The current economic downturn, along with increasing concern about the consequences of progressive global warming, has brought issues of sustainability to public attention and now to the campus.
Hazel Ramos, a history professor, has been appointed to the part-time position of sustainability coordinator at GCC. The sustainability coordinator is a funded position supported by the Academic Senate Partnership for Excellence funds.
The principle of sustainability refers to using the earth’s resources at a rate in which they can be replenished.
At GCC such efforts are now being supported as part of a campaign to optimize sustainability on the campus.
“Our goal is to make Glendale college a greener campus,” said Ramos, “to promote sustainable practices here at work, to encourage people to follow the green path by using alternative transportation, turning off the lights when they are not being used, turning off the computers, not littering. anything that has to do with green practices. And we would want in pursuing sustainable practice to save money as well. so that would mean for the college lowering our energy costs.”
The sustainability project began as a task force of the GCC Academic Senate in May of 2007 to examine the subject of environmentalism across the curriculum.
According to findings developed by this task force and presented to the Academic Senate in April 2008 “The task force began with the concept of fostering environmentalism awareness across the campus.”
Further consideration to goals in specific categories including educational, financial, institutional and ethical was then given:
With regard to educational goals, it was stated by the task force that “students will learn more about the environment. economics, philosophy, history, art, literature, mathematics, geography, medicine and religion are just some of the disciplines that interact when performing environmental analysis.”
In the financial area, it was noted that “the college spends approximately $1.5 million a year on energy costs.” Although anticipated energy cost savings were not specified, it was hoped that this would repay the cost of running the sustainability program.
The project fits within the institutional goal of achieving GCC’s fifth core competency in which “learners recognize and analyze the interconnectedness of global, national, and local concerns, analyzing cultural, political social and environmental issues from multiple perspectives; they recognize the interdependence of the global environment and humanity.”
(Core competencies are institutional student learning objectives required for accreditation and established by the academic senate in seven areas including communication, mathematics, information, critical thinking, global awareness, personal responsibility and application of knowledge).
Finally, under the category of ethical benefit the task force stated “We believe that the health of the earth’s ecosystems, the pollution of the local environments, and the prudent use of the earth’s resources are among the most pressing concerns of society today.”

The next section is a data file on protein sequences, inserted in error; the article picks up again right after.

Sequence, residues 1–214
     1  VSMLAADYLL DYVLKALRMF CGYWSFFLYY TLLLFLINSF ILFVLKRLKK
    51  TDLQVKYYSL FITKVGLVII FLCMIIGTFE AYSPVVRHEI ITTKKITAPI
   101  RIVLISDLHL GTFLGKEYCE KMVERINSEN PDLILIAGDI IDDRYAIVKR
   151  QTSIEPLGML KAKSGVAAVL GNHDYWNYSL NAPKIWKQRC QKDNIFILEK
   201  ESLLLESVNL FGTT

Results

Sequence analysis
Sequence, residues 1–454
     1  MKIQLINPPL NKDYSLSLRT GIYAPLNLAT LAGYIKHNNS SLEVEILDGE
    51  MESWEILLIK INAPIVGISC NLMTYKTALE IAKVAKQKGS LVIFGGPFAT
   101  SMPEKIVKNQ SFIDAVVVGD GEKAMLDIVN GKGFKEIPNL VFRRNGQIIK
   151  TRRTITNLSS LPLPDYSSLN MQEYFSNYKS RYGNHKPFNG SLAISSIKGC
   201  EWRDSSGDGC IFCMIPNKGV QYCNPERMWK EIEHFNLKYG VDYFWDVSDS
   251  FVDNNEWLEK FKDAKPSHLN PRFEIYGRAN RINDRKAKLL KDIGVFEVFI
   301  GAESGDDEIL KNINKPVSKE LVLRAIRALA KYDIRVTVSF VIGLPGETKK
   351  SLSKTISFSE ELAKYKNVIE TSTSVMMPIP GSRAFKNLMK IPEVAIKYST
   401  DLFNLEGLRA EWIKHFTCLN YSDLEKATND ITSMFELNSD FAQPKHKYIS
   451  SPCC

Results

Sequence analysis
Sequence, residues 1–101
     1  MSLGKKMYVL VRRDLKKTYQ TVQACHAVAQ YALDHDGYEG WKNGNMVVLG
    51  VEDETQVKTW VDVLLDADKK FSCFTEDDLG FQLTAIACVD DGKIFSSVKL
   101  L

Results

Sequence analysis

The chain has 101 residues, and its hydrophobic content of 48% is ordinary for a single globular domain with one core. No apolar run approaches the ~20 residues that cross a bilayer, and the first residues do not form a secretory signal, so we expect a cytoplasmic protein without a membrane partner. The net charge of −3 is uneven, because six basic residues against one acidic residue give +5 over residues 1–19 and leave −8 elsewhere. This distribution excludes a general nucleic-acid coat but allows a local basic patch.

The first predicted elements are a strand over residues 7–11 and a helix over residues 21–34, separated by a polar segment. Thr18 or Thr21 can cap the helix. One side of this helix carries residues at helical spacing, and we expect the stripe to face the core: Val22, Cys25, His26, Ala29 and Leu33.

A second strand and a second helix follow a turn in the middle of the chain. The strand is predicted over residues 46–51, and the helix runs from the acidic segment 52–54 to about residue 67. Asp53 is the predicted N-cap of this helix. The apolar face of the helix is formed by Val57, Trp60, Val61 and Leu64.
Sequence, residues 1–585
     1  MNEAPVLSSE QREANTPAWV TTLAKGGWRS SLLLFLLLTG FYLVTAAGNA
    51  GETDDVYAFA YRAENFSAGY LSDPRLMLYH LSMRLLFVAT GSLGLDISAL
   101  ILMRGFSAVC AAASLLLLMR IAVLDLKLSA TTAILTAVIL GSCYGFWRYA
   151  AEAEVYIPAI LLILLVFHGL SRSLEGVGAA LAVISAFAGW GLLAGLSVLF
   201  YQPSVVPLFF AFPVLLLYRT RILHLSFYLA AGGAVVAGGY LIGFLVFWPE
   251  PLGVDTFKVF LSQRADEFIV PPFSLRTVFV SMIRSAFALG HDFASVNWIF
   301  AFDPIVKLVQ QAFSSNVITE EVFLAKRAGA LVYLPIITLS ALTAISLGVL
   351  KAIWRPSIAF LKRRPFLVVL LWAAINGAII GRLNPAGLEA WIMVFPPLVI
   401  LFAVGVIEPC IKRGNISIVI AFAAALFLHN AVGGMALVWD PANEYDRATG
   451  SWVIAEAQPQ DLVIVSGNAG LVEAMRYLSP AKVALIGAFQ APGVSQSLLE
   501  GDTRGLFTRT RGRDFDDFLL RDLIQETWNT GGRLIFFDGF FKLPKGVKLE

To support these objectives, the position of sustainability coordinator was established with a job description “to increase college awareness of environmental issues both in and out of the classroom; to facilitate?environmental education?at the college and to help the institution make greener choices; to promote a systematic approach to sustainable operations in the college facilities practices.”
According to Ramos, “We have a moral responsibility to minimize our carbon footprint. to think about our future. with a finite amount of resources what’s left for the future?”
“We have a green team, which meets once a month and serves as an advisory body to the college sustainability effort,” said Ramos.
Ramos said that students can become part of the effort by using reusable bags, buying products made from recyclable materials, as well as investing in green water canteens, which reduce the number of plastic water bottles that end up in landfills.
Ramos also suggested that students look for alternative methods of transportation, including riding a bicycle, taking a bus or walking.
Green team committee members (students, faculty, staff and administrators) include Frankie Strong, governance office coordinator.
“I strongly believe in educating, said Strong, “The more informed that people are about how to be more energy conscious [the better]. It’s such an easy thing that all of us can do individually but oftentimes people take it for granted – that maybe someone else is doing it so they don’t have to worry about it.it’s important that we educate and inform everyone on campus about little ways that they can help.turning off the lights, picking up the trash.carpooling.”
Strong actively practices recycling principles both at home and in her office where she makes use of natural light, saves envelopes for multiple reuse, keeps a pile of scratch paper and has a water cooler instead of using individual water bottles.
With regard to future initiatives, Ramos noted plans to build an in-house recycling program in conjunction with Dan Padilla, manager of maintenance and operations. This could result in significant savings over the recycling of campus waste now done by a commercial service.
Ramos said, “We want to be a green campus and save money at the same time .and promote sustainable practice.”
On Thursday, booths will be placed in the quad to showcase various aspects of the sustainability program.
On May 14, Bike to Work Day will be celebrated with the GCC Bike to Work Team working with the Los Angeles Bicycle Coalition and PLACE (Policies for Livable Active Communities and Policies) to promote alternative transportation.
Further information can be found at the GCC website: www.glendale.edu/sustainability